The player to the left of the declarer makes the opening lead. Leads are hard because it's the only time you have to play a card before seeing dummy. However, you can use clues from the auction to help your decision.
Which suit to lead
There are many rules about opening leads but using clues from the auction to help build up a picture of the missing cards will give you better ideas about what to lead and how to defend rather than blindly following convention.
East is declarer in 1NT and you're on lead. Clubs are your best four card suit but this fairly common auction suggests that might not be your best choice
You have to ask yourself what does East have for that 1NT bid? East doesn’t have a 4 card heart suit or a 4 card spade suit because she would have bid 1♥ or 1♠ rather than 1NT. East probably doesn’t have a whole bunch of diamonds, either, otherwise she might have supported West’s 1♦ opening. So if East doesn’t have spades, hearts or diamonds..
..must have clubs. OK, let’s lead a heart. Here is the full hand:
Leading your long suit
If partner has bid, that will often solve your dilemma. If your suit has been bid by an opponent, it could be unwise to lead it. If partner hasn't bid, it's normally best to lead your longest suit against a notrump contract.
Short suit leads.
Against a suit contract, as well as the possibilty of establish tricks in your long suit, you also have the option of leading a short suit to try and score a ruff.
An opening lead of a trump can sometimes be an effective way of preventing declarer taking ruffs in dummy. One clue to when it might be the right thing to do is when you know dummy's side suit isn't breaking well.
When the opposition have rushed off to game in a couple of bids then there's no time to waste. You need to attack even if it means leading away from your honour cards. You just have to hope partner has help in your best suit. However, when the opponents have crawled into game you're often better off making a safe lead.
Peanut butter sandwich leads
When you don't know what to lead you should eat a peanut butter sandwich. That way if your lead doesn't work out well at least you get to eat a peanut butter sandwich.
Top of a sequence
Leading the ♠K might lose to the ♠A but then your SQJ will be set up and you might even make a trick with the 5 if your opponents run out of spades. The lead of an honour promises a sequence so by leading the ♠K partner will know you have the ♠Q. Partner can use a signal to encourage or discourage you from continuing that suit.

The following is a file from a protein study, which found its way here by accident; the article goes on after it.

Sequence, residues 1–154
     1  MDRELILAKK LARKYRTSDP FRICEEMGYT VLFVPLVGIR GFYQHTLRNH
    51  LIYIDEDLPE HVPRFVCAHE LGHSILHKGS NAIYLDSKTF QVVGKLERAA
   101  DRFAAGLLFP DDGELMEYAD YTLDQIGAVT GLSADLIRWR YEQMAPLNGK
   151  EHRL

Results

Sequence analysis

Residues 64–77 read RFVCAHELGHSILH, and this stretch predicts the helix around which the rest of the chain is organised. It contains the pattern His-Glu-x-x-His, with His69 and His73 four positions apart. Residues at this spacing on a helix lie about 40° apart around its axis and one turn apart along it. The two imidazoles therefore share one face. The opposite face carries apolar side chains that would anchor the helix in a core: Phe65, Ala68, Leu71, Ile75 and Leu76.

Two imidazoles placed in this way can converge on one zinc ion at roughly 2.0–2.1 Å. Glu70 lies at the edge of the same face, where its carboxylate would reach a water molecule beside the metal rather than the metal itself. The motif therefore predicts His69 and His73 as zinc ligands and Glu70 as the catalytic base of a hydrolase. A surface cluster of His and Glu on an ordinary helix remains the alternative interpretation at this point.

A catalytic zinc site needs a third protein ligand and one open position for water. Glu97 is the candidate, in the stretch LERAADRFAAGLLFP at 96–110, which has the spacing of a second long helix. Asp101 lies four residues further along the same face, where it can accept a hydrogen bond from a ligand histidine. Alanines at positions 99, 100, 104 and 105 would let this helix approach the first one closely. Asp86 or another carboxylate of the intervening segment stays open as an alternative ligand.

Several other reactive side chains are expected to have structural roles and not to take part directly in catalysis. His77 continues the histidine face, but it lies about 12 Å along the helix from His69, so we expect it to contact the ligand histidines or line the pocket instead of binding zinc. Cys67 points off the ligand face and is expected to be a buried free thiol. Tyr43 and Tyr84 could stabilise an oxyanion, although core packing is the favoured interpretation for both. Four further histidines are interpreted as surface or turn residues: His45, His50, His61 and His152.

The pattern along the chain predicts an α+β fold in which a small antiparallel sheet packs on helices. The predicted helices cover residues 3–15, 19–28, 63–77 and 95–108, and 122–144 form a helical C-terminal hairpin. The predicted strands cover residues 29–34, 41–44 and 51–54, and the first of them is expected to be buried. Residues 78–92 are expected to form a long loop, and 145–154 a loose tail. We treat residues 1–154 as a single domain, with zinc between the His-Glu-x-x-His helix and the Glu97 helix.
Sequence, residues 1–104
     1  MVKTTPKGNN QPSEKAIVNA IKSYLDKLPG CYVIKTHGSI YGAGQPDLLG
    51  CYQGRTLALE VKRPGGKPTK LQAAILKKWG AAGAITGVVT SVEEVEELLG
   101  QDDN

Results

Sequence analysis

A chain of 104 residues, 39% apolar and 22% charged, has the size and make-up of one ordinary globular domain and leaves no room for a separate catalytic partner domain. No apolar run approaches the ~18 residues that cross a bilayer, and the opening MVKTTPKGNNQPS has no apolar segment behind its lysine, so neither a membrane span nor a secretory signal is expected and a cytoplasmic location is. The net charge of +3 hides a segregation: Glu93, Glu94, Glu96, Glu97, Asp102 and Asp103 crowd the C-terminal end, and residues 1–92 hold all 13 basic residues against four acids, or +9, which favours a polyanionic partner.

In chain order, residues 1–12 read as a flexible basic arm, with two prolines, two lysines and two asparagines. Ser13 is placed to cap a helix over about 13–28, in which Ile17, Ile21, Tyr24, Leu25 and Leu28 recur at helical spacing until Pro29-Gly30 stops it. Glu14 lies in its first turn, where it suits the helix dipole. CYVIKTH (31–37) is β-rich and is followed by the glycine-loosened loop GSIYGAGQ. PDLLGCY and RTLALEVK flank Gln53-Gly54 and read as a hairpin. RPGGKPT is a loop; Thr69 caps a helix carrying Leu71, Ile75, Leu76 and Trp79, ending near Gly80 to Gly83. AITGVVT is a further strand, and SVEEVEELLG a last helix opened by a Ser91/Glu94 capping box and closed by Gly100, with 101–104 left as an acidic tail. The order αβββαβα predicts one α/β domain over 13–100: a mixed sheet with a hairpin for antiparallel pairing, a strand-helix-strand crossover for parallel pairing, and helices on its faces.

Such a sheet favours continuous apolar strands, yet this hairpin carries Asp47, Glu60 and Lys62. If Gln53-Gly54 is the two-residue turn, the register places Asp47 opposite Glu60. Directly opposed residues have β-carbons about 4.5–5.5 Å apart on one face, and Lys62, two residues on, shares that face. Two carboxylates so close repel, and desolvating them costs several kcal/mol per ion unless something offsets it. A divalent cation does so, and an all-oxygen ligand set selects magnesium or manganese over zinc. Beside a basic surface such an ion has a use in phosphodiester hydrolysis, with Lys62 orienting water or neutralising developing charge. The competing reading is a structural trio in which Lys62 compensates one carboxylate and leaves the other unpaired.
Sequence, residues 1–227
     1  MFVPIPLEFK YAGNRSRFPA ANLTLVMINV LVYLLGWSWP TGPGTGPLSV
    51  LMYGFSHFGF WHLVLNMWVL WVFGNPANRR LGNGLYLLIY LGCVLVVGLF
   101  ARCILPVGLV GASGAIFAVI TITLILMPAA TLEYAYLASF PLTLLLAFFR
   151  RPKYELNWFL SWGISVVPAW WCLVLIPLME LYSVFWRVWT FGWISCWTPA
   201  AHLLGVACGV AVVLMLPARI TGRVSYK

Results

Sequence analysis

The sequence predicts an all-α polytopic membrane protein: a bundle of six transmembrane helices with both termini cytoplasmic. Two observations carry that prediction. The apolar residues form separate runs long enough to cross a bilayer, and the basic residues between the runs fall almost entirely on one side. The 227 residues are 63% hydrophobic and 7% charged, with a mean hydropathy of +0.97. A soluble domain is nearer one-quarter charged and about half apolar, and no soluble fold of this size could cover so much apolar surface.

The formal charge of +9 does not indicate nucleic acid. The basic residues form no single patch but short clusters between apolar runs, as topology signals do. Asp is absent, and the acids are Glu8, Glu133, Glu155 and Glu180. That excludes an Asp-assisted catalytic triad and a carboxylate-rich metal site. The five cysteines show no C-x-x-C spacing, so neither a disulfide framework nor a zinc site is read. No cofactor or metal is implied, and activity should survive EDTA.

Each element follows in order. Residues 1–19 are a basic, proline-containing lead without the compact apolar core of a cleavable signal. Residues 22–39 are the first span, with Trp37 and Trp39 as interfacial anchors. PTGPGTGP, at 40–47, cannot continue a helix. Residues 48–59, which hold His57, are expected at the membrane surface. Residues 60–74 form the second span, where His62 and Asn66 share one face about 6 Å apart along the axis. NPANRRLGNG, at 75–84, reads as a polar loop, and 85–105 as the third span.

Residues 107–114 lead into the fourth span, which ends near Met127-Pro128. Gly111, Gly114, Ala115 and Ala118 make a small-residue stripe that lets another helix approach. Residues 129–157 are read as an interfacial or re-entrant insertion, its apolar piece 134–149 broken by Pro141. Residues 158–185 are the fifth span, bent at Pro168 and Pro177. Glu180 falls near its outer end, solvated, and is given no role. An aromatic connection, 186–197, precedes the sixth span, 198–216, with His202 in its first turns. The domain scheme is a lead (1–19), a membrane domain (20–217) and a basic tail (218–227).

You don't have a sequence this time but if you lead a low spade you still might be able to establish some tricks in that suit. The lead of a low cards promises an honour so your partner will know that's the suit you would like to establish.
Leading the fourth highest card, the ♠5 in this case, can be helpful for partner to figure out the location of the missing honours using the rule of 11.
Leading away from an ace
Against a suit contract, it's not a good idea to lead a low card from a suit in which you hold the ace otherwise by the time you do play your ace declarer might be void in that suit! Normally it's best to lead another suit altogether in this case.
Top of a doubleton, top of a weak suit.
This time no lead looks particularly attractive but if there is only one unbid suit that can be a good option. Lead the ♠8, top of a doubleton, and partner will know you don't have an honour in the suit.
Is it possible to have a column showing what was the other players first lead was
The section re what 'what suit to lead' needs to change to E/W. Showing N/S
But really enjoying the sections. Just needs to come to fruition when when I play! I am sure that will happen😏
Maybe I'll need less peanut butter sandwiches if you keep dishing out this good stuff. Thanks.